All managers, no matter what their titles are, are in essence human resource managers. Okay, “HR Manager” might not be their job title or description in the strictest sense of the words, but all management is HR management at its core, in that a company’s human resources are its employees, and it’s a manager’s job to, well, manage them.
Executives in managerial roles are responsible to hire, place, and oversee their “human resources” (hereafter referred to as “team” or “team members”) and set them up for success. Ultimately, the team’s success, or lack thereof, reflects directly on how well their managers did their jobs.
So, let’s discuss how high-impact managers organize their teams in order to succeed.
Hire for Talent
For a long time, conventional wisdom has dictated that hiring managers should focus on experience, education, or even intelligence when selecting their candidates. While these three qualifications are certainly not irrelevant, according to Marcus Buckingham and Curt Coffman in their book First, Break All the Rules: What the World’s Greatest Managers Do Differently, the most important hiring criteria should be talent (The Balance Careers).
Never overlook the raw talent a person may have for a specific task or role. Educational degrees don’t necessarily speak to abilities, and neither does experience (although it is probably a better indicator). What does speak to abilities are:
- Test results (especially experiential tests)
- Behavioral interviews
- Background checks – I’m not talking about criminal background checks (but definitely do those!). I’m talking about checking references and talking to the people who can give you frank assessments and concrete examples of your candidate’s abilities.
Play to Strengths
Many managers mistakenly believe that their job is to ferret out their direct reports’ weaknesses and turn them into strengths, but that notion isn’t only erroneous, it’s counterproductive. If someone on your team isn’t a “people person,” rather than wasting a lot of time (and possibly money) on training, coaching, and trying to force that leopard to change its spots … maybe don’t make that person your customer service representative. To do so would be an exercise in futility and end in frustration for you, that employee, and your customers.
Instead, find what they ARE good at and expend your energy there. Say Buckingham and Coffman, “People don’t change that much. Don’t waste time trying to put in what was left out. Try to draw out what was left in” (The Balance Careers). Is shy, somewhat-awkward Bob a whiz at organization and problem solving? Well then, he (and you) will be better served if he focuses on something like scheduling and/or quality control.
When we talk about playing to strengths, that doesn’t mean you should ignore weaknesses or never give anybody the chance to improve. According to Marcus Buckingham, head of people and performance research at the ADP Research Institute, the best managers mitigate their team members’ weaknesses in one (or a combination) of four ways (Harvard Business Review):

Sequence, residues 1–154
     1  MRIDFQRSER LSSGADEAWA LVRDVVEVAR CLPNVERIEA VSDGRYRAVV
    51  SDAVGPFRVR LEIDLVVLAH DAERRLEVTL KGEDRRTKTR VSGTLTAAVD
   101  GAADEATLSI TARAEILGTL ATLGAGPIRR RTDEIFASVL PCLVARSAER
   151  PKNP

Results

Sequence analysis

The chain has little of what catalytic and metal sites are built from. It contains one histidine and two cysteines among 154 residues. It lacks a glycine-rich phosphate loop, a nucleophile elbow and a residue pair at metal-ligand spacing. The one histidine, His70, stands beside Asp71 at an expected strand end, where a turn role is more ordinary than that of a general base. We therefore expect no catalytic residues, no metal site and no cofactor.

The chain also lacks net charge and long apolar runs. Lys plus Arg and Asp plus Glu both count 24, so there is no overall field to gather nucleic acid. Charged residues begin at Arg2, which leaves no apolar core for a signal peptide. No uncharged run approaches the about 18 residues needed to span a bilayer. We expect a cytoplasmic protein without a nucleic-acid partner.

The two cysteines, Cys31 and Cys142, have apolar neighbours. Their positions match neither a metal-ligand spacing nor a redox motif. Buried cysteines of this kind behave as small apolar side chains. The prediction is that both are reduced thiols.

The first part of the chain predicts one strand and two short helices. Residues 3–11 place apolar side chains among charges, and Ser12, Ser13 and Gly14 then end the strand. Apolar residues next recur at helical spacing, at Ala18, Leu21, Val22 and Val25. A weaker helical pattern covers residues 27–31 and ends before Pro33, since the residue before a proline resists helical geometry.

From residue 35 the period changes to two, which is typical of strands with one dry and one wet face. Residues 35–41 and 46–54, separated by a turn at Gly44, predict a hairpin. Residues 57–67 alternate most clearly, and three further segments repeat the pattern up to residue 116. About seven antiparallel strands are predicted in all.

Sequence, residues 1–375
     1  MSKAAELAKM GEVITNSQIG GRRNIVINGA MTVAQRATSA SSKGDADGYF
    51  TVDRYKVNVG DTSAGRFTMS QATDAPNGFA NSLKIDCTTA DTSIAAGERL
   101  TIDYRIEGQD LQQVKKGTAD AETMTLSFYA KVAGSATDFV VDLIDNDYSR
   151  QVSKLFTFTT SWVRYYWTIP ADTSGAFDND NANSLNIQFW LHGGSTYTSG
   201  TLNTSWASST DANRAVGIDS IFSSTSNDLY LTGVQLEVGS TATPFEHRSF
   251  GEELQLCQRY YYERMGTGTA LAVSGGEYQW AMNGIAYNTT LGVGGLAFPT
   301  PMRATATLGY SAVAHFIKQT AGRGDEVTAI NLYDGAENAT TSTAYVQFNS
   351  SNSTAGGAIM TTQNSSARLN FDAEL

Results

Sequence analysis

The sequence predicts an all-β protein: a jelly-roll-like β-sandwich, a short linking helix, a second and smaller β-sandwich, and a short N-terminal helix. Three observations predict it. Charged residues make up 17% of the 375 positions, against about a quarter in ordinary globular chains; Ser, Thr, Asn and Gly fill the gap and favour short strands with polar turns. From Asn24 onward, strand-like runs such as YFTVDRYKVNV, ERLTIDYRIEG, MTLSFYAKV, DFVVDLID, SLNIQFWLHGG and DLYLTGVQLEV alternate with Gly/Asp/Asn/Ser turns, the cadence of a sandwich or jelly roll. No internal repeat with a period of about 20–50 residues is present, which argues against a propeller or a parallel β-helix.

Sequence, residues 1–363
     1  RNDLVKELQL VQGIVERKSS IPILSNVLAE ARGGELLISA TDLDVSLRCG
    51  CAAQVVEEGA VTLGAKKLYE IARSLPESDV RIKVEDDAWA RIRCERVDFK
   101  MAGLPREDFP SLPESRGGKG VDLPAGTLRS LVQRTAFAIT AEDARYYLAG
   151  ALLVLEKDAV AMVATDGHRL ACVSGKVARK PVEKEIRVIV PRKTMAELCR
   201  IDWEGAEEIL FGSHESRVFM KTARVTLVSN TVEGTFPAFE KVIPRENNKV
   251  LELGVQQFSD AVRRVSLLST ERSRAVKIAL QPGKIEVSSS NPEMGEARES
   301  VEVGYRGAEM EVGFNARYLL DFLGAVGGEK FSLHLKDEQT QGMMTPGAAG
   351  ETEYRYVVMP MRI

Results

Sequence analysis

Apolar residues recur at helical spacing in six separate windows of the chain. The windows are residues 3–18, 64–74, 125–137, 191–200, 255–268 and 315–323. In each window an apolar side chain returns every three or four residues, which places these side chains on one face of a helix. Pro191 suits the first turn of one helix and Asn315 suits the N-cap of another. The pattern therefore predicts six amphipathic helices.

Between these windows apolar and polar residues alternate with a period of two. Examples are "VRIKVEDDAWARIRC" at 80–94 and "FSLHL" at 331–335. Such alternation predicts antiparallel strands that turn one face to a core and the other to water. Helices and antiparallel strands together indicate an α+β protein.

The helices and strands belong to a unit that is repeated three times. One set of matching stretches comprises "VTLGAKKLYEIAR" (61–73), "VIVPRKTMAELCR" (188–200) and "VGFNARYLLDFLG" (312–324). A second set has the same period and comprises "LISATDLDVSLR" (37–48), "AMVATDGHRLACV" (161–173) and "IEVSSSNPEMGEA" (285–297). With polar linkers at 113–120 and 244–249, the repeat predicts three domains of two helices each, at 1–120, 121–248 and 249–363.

- If the problem results from a lack of skill or knowledge, “offer the relevant training, allow some time for the employee to incorporate the new skills, and look for signs of improvement.”
- Partner them with others whose talents are strong in the areas where theirs are weak, so they fill in each other’s gaps.
- Teach them a concrete technique that helps them accomplish something through discipline that doesn’t come naturally for them.
- Rearrange their work environment/responsibilities to render their weakness irrelevant.
Get Out of the Way
To make this next point about what great managers do to set their teams up for success, let’s talk about something they don’t do: they don’t micromanage. Instead, they communicate expectations clearly, listen to their team members’ input, make the necessary decisions to establish outcomes, and then get out of the way and let their people do their jobs (Michael Page). Employees who feel trusted are more apt to reach their potential and are even more determined to perform well because they realize their success is a result of their own efforts and not because their manager was pulling the strings through the whole effort.
Recognize Individuality (Play Chess, not Checkers)
An old cliché tells us that there is no “I” in “team.” But as Michael Jordan once said, “There may be no ‘I’ in ‘team,’ but there is in ‘win’.” The best managers don’t use a one-size-fits-all approach. They realize their team is made up of individuals and strategize accordingly.
In Marcus Buckingham’s words, “Average managers play checkers, while great managers play chess. […] In checkers, all the pieces are uniform and move in the same way; they are interchangeable. […] In chess, each piece moves in a different way, and you can’t play if you don’t know how each piece moves. More importantly, you won’t win if you don’t think carefully about how you move the pieces. Great managers know and value the unique abilities and even the eccentricities of their employees, and they learn how best to integrate them into a coordinated plan of attack” (Harvard Business Review).
By Fernando Ortiz-Barbachano
President & CEO of Barbachano International (BIP)
Barbachano International is the premier executive search and leadership advisory firm in the Americas (USA, Mexico, Canada, and Latin America) with a focus on diversity and multicultural target markets. Outplacement and Exe